Fishing the Malheur on the Blue Bucket Ranch
by Dave Hughes
I’ve fished the Malheur River on the Blue Bucket Ranch several times in the past few seasons. I got surprised by some new success on it just last fall, though you might as easily regard what I call a success to be a failure. It was late September. I’d been hunting cow elk and killed one early in the hunt, which left me the next full day to fish for trout on the Malheur before heading home to get the elk into the game cooler.
I didn’t get up early, but at that time of year, there’s no reason to. Grasshoppers are the main item in the trout diet and it takes awhile for the sun to rise above the narrow canyon, get the hoppers’ engines revved so they start getting onto the water and rousing the trout. I hit the water an hour before noon, tied on a Parachute Hopper, but the water was still cold, and I had hooked and landed only one trout before it became time to sit on a grassy bank at streamside, eat lunch and ponder my lack of luck.
I fished for another half hour after lunch without any looks at the dry, and finally decided to see if something wasn’t happening under the water since it was clear that nothing was happening on top. I tied two feet of 5X tippet to the hook bend of the hopper, and tied a size 16 Copper John nymph to the dropper tippet.
On the first cast to a run I’d already fished out with the dry fly, or so I thought, the hopper danced down the current just a couple of feet and suddenly dipped under. I set the hook, and after a dash of a fight, was surprised to land a plump foot-long whitefish. In all the times I’d fished the river, I’d never caught a whitefish. It occurred to me that I’d never bothered to dangle a nymph in that stream, and had also never fished it with a dry fly small enough to interest anything but trout.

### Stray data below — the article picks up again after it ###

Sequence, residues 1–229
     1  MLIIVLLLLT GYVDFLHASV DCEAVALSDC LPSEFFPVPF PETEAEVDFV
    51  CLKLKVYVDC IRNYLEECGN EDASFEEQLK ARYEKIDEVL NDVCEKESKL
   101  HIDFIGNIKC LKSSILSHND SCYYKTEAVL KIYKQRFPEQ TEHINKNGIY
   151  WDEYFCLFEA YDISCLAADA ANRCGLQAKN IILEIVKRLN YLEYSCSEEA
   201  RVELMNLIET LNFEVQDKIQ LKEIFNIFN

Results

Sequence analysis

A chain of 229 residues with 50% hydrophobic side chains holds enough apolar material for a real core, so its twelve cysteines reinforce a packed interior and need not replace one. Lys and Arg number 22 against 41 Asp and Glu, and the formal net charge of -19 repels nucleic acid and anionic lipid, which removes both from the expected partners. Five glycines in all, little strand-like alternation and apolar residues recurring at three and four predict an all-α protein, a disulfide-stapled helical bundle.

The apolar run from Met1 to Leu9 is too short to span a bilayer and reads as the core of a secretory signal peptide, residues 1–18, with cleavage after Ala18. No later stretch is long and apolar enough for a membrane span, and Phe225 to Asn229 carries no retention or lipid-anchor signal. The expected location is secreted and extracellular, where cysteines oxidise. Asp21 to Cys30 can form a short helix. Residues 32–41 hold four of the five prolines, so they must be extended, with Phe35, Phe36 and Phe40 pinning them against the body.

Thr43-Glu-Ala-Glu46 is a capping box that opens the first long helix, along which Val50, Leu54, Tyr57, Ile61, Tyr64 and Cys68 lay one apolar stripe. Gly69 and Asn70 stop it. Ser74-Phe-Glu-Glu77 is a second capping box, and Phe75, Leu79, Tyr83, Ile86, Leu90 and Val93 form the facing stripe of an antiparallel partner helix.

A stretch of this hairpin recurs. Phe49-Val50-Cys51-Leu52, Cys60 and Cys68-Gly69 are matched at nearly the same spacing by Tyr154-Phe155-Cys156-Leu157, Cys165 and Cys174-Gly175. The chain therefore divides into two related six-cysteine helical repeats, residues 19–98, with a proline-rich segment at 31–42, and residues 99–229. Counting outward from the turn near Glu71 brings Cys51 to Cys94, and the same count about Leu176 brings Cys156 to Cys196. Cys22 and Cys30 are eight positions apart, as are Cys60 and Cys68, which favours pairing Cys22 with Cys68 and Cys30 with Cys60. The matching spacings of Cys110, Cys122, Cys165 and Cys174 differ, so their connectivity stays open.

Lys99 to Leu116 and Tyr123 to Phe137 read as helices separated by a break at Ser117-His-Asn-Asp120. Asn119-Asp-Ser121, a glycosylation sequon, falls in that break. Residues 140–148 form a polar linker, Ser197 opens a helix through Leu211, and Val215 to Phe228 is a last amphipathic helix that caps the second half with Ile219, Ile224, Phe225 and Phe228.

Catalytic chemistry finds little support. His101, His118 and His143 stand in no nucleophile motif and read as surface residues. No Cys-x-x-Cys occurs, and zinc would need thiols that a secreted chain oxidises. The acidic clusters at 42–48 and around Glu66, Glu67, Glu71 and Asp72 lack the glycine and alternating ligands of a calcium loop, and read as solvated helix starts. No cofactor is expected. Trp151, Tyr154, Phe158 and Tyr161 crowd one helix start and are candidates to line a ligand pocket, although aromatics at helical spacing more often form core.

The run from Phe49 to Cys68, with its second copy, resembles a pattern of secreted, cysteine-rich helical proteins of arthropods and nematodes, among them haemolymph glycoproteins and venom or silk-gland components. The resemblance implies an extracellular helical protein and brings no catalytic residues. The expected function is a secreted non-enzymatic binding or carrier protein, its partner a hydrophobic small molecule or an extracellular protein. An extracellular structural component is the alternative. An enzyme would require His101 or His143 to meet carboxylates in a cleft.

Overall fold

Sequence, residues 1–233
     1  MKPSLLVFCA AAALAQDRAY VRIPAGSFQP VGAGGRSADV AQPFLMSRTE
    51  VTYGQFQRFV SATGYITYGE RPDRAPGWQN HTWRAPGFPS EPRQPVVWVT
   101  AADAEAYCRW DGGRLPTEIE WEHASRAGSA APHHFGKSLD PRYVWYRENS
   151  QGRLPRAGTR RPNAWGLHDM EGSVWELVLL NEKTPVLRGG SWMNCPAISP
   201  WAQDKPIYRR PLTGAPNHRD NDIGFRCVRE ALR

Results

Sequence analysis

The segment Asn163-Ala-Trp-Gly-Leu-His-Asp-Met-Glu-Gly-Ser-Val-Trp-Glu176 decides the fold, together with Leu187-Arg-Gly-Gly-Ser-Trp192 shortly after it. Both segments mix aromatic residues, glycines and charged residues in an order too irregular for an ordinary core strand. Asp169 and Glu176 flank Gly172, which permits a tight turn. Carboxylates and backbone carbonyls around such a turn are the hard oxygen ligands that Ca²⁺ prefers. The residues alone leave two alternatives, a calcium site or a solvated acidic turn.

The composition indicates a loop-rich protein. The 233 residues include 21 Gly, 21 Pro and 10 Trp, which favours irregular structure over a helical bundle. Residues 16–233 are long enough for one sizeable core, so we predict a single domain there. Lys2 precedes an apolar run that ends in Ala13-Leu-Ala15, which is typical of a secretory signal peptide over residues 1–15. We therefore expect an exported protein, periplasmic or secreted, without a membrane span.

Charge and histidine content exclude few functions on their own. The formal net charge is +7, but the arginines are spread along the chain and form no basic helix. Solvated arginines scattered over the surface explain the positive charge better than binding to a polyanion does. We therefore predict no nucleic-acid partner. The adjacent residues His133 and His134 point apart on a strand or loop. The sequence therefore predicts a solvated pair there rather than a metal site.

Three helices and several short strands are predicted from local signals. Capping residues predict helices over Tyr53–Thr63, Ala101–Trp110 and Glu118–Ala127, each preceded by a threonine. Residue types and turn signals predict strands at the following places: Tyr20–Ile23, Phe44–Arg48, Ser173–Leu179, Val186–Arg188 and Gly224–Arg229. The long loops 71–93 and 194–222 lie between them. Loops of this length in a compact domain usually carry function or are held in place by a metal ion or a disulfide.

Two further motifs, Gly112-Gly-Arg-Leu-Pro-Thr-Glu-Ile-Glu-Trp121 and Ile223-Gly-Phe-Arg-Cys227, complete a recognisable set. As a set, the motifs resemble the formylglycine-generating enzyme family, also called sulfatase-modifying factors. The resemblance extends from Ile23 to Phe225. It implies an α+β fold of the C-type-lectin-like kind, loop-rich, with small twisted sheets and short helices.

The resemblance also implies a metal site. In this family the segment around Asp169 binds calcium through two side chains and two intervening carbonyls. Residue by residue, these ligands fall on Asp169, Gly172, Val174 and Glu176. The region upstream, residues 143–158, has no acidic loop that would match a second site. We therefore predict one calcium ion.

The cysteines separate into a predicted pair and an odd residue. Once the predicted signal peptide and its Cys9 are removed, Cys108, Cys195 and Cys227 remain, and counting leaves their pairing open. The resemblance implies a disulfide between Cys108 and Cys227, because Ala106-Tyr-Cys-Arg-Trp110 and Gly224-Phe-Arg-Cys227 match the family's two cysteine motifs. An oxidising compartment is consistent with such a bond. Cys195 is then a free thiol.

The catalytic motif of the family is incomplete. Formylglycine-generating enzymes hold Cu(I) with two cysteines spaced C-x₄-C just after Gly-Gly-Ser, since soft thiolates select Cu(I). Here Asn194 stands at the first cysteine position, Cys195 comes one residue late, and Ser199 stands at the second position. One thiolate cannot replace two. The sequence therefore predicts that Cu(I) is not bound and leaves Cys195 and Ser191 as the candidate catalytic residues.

I cast again, my dry fly took another dive and I landed another whitefish on the nymph. Before I was finished in that one run, the count had risen to five. And that’s where your assessment of the situation has to take over. Some folks consider the mere presence of whitefish in trout water to be a disaster. Others consider catching five fish that take a small fly and fight well against it a delightful thing to have happen. Whitefish on the Malheur are natives and biologists consider them non-competitive with trout. I was glad to encounter them, especially because the trout fishing was so slow.
But trout fishing didn’t stay slow for long. As I moved upstream, I caught about equal numbers of trout and whitefish on that bright nymph. As the air and water both got warmer, around two in the afternoon, hoppers began landing on the water. Trout took the big insects with surprisingly soft swirls. Rarely would I see a splash. I cast my combination hopper and nymph over one dark pool, where deep water edged up against a small cliff, and saw a broad back loft out of the water briefly. The hopper went down quietly and I raised the rod to come up against what felt like size. It was my second surprise of the day. In the past the largest trout I’d caught on the Malheur River had been a satisfying fifteen inches long, but this one put my 4X tippet in danger, ran about fifty feet of line off the reel and came to hand only after I’d followed it downstream through a bouldered riffle and coaxed it into some soft shallows. It was about eighteen inches long, and heavy for its size.